Zach is reading the classic One Flew Over the Cuckoo's Nest by Ken Kesey.
In the early 1960s, fresh out of Stanford's creative writing program, Ken Kesey supported himself by working as an attendant at a psychiatric hospital. It was there that he wrote what became his first novel, One Flew Over the Cuckoo's Nest, which Viking released on February 1, 1962.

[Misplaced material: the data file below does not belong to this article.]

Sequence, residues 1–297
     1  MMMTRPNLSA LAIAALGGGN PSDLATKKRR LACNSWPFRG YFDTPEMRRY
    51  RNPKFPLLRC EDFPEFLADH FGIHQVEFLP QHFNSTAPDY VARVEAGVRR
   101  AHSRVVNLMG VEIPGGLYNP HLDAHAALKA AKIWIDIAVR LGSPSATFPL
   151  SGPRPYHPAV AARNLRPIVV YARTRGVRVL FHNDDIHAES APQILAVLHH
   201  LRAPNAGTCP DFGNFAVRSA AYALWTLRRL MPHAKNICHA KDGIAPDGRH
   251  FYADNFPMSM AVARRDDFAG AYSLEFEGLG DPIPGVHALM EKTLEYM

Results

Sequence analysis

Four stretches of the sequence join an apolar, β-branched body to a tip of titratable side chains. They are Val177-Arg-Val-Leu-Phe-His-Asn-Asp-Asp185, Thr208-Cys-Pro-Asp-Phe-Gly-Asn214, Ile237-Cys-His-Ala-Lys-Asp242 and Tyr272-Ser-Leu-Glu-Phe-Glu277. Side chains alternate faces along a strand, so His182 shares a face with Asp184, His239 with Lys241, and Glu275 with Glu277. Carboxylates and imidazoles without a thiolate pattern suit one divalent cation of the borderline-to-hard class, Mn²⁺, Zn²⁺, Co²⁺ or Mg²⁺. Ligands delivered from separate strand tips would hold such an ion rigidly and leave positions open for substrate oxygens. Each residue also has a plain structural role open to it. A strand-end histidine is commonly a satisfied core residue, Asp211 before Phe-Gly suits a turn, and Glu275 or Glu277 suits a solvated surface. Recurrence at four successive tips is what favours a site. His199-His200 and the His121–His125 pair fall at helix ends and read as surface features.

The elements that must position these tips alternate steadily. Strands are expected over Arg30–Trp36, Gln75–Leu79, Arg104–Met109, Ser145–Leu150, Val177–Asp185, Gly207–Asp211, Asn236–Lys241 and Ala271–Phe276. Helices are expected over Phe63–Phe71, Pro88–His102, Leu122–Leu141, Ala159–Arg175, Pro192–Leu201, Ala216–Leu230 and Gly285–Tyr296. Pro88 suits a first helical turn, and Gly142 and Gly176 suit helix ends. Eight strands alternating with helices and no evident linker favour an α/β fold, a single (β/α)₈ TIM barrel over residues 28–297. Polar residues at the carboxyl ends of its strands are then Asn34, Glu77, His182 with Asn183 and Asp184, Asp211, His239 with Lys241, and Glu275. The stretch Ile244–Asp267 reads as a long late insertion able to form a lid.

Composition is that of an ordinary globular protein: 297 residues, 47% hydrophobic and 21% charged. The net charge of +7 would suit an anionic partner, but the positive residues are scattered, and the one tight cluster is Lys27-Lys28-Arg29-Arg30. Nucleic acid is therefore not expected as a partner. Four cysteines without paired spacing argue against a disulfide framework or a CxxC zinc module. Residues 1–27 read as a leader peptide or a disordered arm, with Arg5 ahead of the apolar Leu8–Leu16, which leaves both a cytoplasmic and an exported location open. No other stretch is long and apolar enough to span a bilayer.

Boisterous, ribald, and ultimately shattering, this is the unforgettable story of a mental ward and its inhabitants, especially the tyrannical Big Nurse Ratched and Randle Patrick McMurphy, the brawling, fun-loving new inmate who resolves to oppose her. We see the struggle through the eyes of Chief Bromden, the seemingly mute half-Indian patient who witnesses and understands McMurphy's heroic attempt to do battle with the awesome power of the Combine. Hailed upon its publication as "a glittering parable of good and evil" (The New York Times Book Review) and "a roar of protest against middlebrow society's Rules and the invisible Rulers who enforce them" (Time), this powerful book is as bracing and insightful today as it was in the 1960s.